When the pandemic arrived, the art galleries closed, but the books were opened. Sales of physical books hit an eight-year high in 2020, so contrary to popular pessimism, print still has a lot of momentum.
From maverick monographs and topical tomes to coffee table icebreakers, these are the art books that have lived through the noise and silence of 2021.
The top 10 art books of 2021
Marcel Duchamp means different things to different people. For some, it spawned the readymade, for Willem de Kooning in 1951, it was a “one man movement”. Published in 1959, the book Marcel Duchamp has become the bible of the artist’s work. It is the result of Duchamp’s years of collaboration with its author, art historian and critic Robert Lebel, and offers a comprehensive and penetrating study of the artist: from his early paintings, his later farewells to painting, to his fixation on the fetish. Marcel Duchamp has been out of print for 60 years, but the English edition of Grove Press is now back in circulation with the licensed Hauser & Wirth Publishers facsimile.
Women Who Changed Art Forever: Feminist Art – The Graphic Novel
Spread of Women Who Changed Art Forever – Feminist Art Graphic Novel, by Valentina Grande and Eva Rosetti, published by Laurence King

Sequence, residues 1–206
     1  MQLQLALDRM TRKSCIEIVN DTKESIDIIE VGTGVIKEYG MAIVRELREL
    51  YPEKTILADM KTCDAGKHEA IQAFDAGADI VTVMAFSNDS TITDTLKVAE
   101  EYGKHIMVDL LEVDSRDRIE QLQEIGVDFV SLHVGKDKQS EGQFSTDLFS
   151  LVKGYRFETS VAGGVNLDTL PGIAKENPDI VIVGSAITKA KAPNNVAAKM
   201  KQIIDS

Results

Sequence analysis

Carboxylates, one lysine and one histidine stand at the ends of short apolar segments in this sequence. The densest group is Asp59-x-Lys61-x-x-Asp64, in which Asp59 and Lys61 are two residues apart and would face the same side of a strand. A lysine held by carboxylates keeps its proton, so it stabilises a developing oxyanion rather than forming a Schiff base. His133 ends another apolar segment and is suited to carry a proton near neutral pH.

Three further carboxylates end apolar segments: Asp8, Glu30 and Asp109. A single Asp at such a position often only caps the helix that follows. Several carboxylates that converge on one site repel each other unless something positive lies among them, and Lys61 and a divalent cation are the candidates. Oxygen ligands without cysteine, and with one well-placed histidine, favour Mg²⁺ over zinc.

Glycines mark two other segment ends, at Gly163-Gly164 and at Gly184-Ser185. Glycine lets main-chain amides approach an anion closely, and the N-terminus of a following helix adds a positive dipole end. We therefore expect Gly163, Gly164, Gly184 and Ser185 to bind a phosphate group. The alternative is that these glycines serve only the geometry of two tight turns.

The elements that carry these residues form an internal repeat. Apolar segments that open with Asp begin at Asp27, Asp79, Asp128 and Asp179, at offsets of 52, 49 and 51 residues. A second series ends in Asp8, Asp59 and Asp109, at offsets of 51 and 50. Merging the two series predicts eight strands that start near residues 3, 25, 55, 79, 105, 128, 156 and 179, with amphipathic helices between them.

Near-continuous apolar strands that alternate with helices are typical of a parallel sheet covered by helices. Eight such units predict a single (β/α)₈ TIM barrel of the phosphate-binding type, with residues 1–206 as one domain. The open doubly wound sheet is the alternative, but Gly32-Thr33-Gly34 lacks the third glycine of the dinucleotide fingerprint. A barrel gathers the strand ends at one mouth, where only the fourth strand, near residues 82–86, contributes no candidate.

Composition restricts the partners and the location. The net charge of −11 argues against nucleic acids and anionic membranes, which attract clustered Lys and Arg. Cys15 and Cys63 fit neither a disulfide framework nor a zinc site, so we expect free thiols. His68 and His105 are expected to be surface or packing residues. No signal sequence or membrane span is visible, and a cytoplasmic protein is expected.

In 1971, art historian Linda Nochlin asked, “Why haven’t there been great women artists? The problem, she writes, “does not lie in our stars, our hormones, our menstrual cycles or our empty internal spaces, but in our institutions and our education.” There had been great women artists, they had just been denied the opportunity for greatness. The women who changed art forever by Valentina Grande and Eva Rosetti tells the story of four pioneers of feminist art: Judy Chicago, Faith Ringgold, Ana Mendieta and the Guerrilla Girls. The fight for equality is a long road. The graphic novel tells this unfinished story with dynamism and accessibility through those who have opened and continue to pave the way for a more egalitarian art world.
The hotel by Sophie Calle
Sophie Calle, Room 28. Both in the book The hotel by Sophie Calle, Siglio, 2021
Private life. Nowadays it’s everywhere and nowhere. In 1981, Sophie Calle took a job as a chambermaid to pierce her, for art. At the Hotel C in Venice, the French artist slipped a camera and a tape recorder into his mop bucket. While cleaning, she voyeuristically and methodically documented the guests’ belongings; their bedding, books, postcards and toiletries. She rummaged through trash cans, diary entries, letters and family photos. She would listen to arguments and sex and spray herself with a scent that was not her own. The hotel, first released in English this year, is a provocative examination of privacy, its absence, and what fragmented possessions might reveal about our lives – all through goods that were never intended for Calle, or up to us to see.
1000 years of joys and sorrows, by Ai Weiwei
1000 years of joys and sorrows: a memory, by Ai Weiwei, published by Penguin Random House